Make certain that appropriate employees are aware of who the designated lawyer is and how to contact this person in an emergency.

Always thoroughly document your files. The designated lawyer will need to review all client files and make a determination as to whether any immediate protective action is necessary. Write a letter that details duties for all employees; includes passwords for the computer system; sets out financial details, such as location and account numbers for all bank accounts, particularly client trust accounts; and notes contact information for all staff and principal vendors, such as banks, insurance companies, utility companies and the landlord.

Associate Counsel

The Law Society does not have specific rules referring to names and titles, other than those in Chapter 14 of the Professional Conduct Handbook. Lawyers in British Columbia can, for example, call themselves "Counsel," or "Associate Counsel" to a firm.

You must not call yourself anything that would mislead the public, but there is wide discretion in the use of terminology.

You must also keep in mind that any marketing activity must not be contrary to the best interests of the public or to the maintenance of a high standard of professionalism and must be dignified. Before making any decision about names, titles and marketing generally, please take a few minutes to read Chapter 14.

Protection of privacy legislation

On January 1, 2004, law firms in British Columbia became subject to new privacy legislation. At the time this is written, it is not yet known whether private sector organizations in BC that do not operate federally or across provincial borders will be subject to the federal Personal Information Protection and Electronic Documents Act, known as PIPEDA, or BC's Personal Information Protection Act, known as PIPA. That will depend on a decision by the federal government as to whether PIPA is "substantially similar" to PIPEDA. This decision is expected soon and will be noted on the Law Society website.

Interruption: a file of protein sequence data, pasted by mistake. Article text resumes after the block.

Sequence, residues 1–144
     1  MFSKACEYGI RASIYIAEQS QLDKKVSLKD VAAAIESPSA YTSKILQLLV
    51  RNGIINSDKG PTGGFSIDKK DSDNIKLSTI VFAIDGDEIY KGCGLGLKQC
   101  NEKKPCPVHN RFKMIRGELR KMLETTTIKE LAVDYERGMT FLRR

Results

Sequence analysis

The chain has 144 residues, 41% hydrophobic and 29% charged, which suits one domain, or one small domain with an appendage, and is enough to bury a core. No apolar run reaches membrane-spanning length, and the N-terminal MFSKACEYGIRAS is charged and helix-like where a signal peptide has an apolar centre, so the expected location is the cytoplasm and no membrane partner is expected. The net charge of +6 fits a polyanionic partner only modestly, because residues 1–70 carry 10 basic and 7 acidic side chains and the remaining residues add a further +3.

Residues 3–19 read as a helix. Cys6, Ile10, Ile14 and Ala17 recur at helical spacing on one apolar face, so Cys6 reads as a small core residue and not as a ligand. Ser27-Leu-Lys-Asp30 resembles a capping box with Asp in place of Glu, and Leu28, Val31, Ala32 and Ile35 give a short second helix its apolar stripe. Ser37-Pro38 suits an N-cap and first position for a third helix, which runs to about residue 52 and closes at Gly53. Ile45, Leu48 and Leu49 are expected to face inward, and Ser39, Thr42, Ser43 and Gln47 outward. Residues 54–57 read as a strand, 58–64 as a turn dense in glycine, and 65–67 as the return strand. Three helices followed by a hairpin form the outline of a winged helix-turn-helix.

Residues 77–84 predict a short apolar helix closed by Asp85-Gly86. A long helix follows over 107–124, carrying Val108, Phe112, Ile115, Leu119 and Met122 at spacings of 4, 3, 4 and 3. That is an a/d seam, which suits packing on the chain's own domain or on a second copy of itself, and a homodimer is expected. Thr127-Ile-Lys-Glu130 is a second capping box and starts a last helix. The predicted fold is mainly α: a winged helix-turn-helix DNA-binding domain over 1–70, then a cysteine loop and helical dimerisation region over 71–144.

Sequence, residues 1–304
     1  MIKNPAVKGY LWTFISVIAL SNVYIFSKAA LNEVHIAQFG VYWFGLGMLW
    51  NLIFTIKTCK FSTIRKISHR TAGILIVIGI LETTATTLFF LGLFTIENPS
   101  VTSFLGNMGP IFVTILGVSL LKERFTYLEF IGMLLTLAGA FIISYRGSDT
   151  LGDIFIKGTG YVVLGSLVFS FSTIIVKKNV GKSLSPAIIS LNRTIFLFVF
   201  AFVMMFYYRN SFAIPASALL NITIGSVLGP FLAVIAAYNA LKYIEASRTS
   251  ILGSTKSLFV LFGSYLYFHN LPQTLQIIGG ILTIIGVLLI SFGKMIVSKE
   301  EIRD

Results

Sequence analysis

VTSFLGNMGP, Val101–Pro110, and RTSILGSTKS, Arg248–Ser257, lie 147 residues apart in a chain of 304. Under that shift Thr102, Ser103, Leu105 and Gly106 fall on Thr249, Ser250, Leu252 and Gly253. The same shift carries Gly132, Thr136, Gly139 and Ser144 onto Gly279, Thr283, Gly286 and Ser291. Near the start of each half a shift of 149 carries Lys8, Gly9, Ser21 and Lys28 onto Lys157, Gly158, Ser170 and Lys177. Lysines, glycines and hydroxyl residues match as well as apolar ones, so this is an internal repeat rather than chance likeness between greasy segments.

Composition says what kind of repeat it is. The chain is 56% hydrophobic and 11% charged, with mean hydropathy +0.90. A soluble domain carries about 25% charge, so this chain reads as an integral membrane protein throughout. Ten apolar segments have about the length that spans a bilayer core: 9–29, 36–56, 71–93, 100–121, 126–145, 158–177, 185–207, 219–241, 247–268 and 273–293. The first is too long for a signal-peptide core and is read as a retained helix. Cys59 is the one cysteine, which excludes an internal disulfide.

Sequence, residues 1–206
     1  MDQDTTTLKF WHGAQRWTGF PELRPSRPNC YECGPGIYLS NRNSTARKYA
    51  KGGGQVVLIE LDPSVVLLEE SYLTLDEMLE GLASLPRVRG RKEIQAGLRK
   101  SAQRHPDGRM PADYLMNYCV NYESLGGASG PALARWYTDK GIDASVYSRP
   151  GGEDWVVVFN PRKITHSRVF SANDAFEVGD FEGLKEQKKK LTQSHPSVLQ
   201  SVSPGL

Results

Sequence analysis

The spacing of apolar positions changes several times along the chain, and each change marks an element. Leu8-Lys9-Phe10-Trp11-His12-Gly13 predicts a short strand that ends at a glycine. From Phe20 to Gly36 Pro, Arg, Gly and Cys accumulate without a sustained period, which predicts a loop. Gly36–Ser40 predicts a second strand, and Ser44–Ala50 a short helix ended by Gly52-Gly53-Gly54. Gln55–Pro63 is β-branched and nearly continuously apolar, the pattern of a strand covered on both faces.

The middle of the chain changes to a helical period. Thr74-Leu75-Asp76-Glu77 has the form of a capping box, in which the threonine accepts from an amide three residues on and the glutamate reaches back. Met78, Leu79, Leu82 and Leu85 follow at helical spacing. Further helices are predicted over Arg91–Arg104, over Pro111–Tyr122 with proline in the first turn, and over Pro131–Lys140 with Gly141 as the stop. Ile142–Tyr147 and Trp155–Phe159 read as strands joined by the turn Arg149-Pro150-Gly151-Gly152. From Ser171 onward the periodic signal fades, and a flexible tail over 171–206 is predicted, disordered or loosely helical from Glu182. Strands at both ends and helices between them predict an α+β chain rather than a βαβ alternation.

Whether PIPEDA or PIPA applies, law firms, like all private sector organizations, will be subject to the legislation. A sole practitioner is considered a private sector organization. All private sector organizations will be required to have a privacy policy.

Firms will not find relationships with clients much affected by this legislation, since lawyers' confidentiality obligations mean that lawyers are generally in compliance with privacy requirements. The legislation, however, places on organizations certain obligations with respect to the collection, use and disclosure of personal information. This includes the personal information of clients, other parties (such as witnesses or even parties adverse in interest to a client) and employees. For an outline of how those obligations may be expected to impact on lawyers, see the June-July, 2003 Benchers' Bulletin.

To assist BC lawyers, we have drafted two model privacy policies for use in firms, one dealing with the personal information of clients and other parties and one dealing with the personal information of employees. You can find these model privacy policies on the Society's website under "Practice and Services/Practice Resources."

For more information about the Personal Information Protection Act, and how it will affect your practice, please go to the Ministry of Management Services website at www.mser.gov.bc.ca/FOI_POP. We recommend reading the "Implementation Tools" section of that website at www.mser.gov.bc.ca/foi_pop/Privacy/Tools/Tools_toc.htm.

If you have questions about the Law Society's model privacy policies, please contact Michael Lucas, Staff Lawyer, Policy & Legal Services, at mlucas@lsbc.org or 604 443-5777 or Felicia S. Folk at ffolk@lsbc.org or 604 669-2533.